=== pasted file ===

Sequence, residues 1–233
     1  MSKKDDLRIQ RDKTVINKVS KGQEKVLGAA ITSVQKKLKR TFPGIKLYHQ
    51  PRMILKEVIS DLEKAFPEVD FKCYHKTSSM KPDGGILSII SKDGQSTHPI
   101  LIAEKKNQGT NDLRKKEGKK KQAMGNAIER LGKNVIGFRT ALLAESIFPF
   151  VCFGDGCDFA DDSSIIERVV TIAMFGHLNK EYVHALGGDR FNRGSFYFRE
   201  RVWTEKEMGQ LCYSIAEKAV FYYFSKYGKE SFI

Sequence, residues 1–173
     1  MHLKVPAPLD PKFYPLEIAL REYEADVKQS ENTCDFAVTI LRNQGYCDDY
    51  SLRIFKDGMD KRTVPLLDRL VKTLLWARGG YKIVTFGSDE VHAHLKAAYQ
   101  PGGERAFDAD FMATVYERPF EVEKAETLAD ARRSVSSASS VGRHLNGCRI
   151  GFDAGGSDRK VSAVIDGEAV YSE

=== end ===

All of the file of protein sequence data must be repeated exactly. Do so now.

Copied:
Sequence, residues 1–233
     1  MSKKDDLRIQ RDKTVINKVS KGQEKVLGAA ITSVQKKLKR TFPGIKLYHQ
    51  PRMILKEVIS DLEKAFPEVD FKCYHKTSSM KPDGGILSII SKDGQSTHPI
   101  LIAEKKNQGT NDLRKKEGKK KQAMGNAIER LGKNVIGFRT ALLAESIFPF
   151  VCFGDGCDFA DDSSIIERVV TIAMFGHLNK EYVHALGGDR FNRGSFYFRE
   201  RVWTEKEMGQ LCYSIAEKAV FYYFSKYGKE SFI

Sequence, residues 1–173
     1  MHLKVPAPLD PKFYPLEIAL REYEADVKQS ENTCDFAVTI LRNQGYCDDY
    51  SLRIFKDGMD KRTVPLLDRL VKTLLWARGG YKIVTFGSDE VHAHLKAAYQ
   101  PGGERAFDAD FMATVYERPF EVEKAETLAD ARRSVSSASS VGRHLNGCRI
   151  GFDAGGSDRK VSAVIDGEAV YSE